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Presentation to the OECD Forum 2003 – “Corporate Governance – Strengthening Conditions for Investment”
April 29, 2003
Governor General
May 5, 2003
Presentation to the OECD Forum 2003 – “Corporate Governance – Strengthening Conditions for Investment”
April 29, 2003
Governor General
May 5, 2003

Economy, Drought



CNBC Market Watch


Tuesday, 29 April 2003



SUBJECTS: Economy, Drought


Mr Costello, thank you very much indeed for joining us on Power Lunch. Now,

you were a bit of a stand-out last week when the OECD released its economic

report, saying that they’re looking for growth in 2004 for the Australian economy

of 3.8 per cent. Do you think it’s really possible to out-perform that much,

bearing in mind the weak global economy and when so many of your Asian trading

partners are going to have to deal with SARS?


Well, the Australian economy has grown at an average of about 4 per cent per

annum for the last 10 years, so it is certainly within reach. We have a weak

global economy, of course, and that will affect us. SARS is also weighing on

the East Asian economies. However, Australia was quite strong through the Asian

financial crisis of 1997, which shows that it is quite resilient. It is a resilient

economy, that can withstand downturns in East Asia. But it will depend a little

on the climatic conditions. We have had a very bad drought in Australia, although

that looks like breaking. So we could start resuming longer term trend growth,

probably in 2004, late 2003.


Okay. You mentioned the drought there. Are we through the worst effects of



I think we are. We have had our non-farm economy growing at 4 per cent throughout

the course of the drought. It was the worst drought we have had in a century.

It looks now as if that drought is breaking, and that means that the rural sector

will pick up a little, and that will add to growth. The drought has taken about

1 per cent off our GDP growth in the current financial year, so rather than

growing at 4 per cent, the overall growth was 3 per cent, the non-farm economy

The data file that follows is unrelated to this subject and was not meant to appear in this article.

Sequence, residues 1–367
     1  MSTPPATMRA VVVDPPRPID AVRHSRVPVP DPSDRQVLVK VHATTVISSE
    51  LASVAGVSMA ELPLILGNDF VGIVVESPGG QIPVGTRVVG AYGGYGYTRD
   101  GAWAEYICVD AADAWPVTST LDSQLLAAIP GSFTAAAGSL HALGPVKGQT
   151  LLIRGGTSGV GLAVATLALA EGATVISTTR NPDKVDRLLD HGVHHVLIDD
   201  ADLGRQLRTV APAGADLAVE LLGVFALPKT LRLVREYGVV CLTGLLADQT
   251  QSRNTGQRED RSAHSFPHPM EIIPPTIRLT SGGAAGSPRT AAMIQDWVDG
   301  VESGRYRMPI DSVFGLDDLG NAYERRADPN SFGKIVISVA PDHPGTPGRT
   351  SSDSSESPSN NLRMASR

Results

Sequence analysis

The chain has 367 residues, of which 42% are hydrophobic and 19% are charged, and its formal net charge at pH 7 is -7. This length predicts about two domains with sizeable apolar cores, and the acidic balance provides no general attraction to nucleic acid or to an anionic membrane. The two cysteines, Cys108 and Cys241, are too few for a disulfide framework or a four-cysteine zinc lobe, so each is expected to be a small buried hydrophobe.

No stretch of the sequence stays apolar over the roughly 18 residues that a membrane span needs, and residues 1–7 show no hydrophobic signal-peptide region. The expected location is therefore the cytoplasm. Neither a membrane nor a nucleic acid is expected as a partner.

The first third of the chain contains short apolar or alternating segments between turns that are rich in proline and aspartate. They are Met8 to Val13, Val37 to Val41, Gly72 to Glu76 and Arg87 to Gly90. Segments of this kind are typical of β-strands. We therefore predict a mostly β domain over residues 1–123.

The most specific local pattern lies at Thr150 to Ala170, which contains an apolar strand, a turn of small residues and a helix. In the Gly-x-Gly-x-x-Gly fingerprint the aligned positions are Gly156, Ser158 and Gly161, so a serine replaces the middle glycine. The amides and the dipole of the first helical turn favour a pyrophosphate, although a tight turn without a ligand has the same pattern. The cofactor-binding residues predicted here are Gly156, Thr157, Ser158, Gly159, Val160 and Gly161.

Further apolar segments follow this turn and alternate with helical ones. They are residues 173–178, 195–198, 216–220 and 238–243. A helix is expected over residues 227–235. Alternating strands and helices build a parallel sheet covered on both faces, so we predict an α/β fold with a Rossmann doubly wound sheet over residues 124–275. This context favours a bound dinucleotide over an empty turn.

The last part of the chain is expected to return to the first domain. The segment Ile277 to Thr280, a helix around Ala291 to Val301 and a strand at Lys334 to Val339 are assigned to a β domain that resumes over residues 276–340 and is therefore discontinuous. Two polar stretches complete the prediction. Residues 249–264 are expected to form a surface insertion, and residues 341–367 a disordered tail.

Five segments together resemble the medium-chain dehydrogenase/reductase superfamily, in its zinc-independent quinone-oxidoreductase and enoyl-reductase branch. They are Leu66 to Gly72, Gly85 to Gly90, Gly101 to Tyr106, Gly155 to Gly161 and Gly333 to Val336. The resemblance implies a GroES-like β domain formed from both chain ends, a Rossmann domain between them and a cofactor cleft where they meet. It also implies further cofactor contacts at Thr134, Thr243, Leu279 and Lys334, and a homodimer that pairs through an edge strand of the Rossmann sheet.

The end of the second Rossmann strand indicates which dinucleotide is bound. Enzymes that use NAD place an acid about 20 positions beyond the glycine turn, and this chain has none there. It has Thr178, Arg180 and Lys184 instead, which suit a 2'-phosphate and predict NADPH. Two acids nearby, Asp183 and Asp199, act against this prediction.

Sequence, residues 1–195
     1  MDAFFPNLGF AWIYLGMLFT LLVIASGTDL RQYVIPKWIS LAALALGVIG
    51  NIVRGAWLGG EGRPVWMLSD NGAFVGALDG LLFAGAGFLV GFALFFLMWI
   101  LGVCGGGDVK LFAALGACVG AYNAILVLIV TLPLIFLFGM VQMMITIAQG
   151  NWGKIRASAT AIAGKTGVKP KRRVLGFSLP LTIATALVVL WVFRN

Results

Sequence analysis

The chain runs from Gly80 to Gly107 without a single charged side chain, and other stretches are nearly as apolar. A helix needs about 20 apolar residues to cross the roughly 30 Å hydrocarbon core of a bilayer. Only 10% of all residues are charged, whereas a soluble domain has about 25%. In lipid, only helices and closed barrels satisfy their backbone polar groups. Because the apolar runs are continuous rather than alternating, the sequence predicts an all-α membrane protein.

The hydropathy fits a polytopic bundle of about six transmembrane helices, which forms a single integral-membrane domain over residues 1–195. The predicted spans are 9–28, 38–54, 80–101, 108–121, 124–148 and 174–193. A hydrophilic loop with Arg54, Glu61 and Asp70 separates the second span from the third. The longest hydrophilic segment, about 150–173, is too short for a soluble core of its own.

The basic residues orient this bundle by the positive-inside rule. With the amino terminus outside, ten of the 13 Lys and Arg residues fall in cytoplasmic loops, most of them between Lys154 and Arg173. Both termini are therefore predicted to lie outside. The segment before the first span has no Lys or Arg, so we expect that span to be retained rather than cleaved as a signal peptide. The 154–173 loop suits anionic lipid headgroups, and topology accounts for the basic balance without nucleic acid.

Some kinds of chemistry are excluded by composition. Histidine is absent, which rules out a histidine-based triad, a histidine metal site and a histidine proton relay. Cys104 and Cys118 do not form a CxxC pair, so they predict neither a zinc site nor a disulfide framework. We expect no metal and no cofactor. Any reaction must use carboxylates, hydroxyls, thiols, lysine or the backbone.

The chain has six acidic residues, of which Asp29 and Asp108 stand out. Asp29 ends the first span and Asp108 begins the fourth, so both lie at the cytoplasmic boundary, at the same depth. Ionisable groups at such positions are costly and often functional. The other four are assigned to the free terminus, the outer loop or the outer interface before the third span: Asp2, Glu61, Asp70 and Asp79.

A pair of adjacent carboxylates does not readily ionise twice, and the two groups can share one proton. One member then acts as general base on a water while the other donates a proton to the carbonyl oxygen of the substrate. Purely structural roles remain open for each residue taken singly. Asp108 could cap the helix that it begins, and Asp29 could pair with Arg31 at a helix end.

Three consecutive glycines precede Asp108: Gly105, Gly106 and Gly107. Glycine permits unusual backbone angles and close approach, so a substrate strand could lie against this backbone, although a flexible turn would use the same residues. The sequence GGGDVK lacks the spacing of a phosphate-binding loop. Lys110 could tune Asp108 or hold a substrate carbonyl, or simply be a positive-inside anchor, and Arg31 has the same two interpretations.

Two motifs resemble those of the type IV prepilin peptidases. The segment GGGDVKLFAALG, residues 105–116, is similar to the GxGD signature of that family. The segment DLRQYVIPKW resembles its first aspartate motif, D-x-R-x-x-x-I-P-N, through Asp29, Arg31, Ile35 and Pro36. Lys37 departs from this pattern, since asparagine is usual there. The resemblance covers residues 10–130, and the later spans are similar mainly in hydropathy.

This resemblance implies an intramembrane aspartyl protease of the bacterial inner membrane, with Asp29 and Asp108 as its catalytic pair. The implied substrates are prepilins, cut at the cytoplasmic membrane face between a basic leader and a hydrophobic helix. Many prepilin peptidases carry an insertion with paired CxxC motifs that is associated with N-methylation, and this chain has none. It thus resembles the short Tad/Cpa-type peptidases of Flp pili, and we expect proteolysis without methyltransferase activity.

was 4 per cent, but overall it was 3 per cent. And as the drought breaks, of

course that will be good for continuing growth in the economy into 2003-2004.


But the OECD also said that once we see the effects of the drought disappear

out of the economy, that rates may have to go up just a little bit to keep inflation

under control. What’s your view of that?


We have an inflation target of 2 to 3 per cent, which we have been managing

pretty well now since 1996. With the higher petrol prices, if you feed that

back into the Consumer Price Index, inflation edged up a little. But with the

ending of the war in Iraq, oil prices are already off, petrol prices, gasoline

prices, will come down again, so we do not see any inflation threat through

the course of the next 12 months. We actually expect inflation will be declining,

consistent with the target that we have for monetary policy purposes.


You mention there the war in Iraq. You’ve got a Budget statement coming up

fairly soon. What effect has the war on Iraq had on government expenditure?


Well, it has led to additional government expenditures. Obviously, the cost

of the deployment of Australian troops on the land, in the sea, the Hornets

which were deployed by Australia – that all has a cost. In addition, obviously,

the aid commitments and engagement in reconstruction in Iraq will all have additional

costs. So that will be a substantial effect on our Budget. But fortunately we

have had a budget which is in surplus in the current financial year, so we are

pretty well placed to handle that. And our debt position is pretty strong, and

we will look to take that cost into account in the recurrent budget for the

next year.


Now, one other thing that is under discussion at the OECD, of course, is what

is happening, particularly of interest to you, is what’s happening on global

trade and in agriculture in particular. There is a lot of protection for EU

agriculture at the moment. Are you happy with that or would you like to see

it opened up a lot more?


Oh no, we would like to see trade liberalised, in agriculture, obviously from

Australia’s point of view, that would help Australia, because we do not engage

in protection or subsidisation of our products. But we have a bigger argument

than that, and our argument is this. That to the degree that you reduce protection

in the agricultural markets, the particular economy itself can get an advantage.

Consumers get lower prices. They have more spending power. Investment is directed

towards more efficient parts of the economy. We would argue that liberalising

Europe’s agricultural policy will actually bring benefits to Europe, as well

as to other trading partners and, of course, as well as to the third world,

which needs access to the markets of the developed economies in relation to

their exports, many of which, of course, are agriculture.


Peter Costello, thank you very much indeed for joining us.


A great pleasure to be with you. Thank you.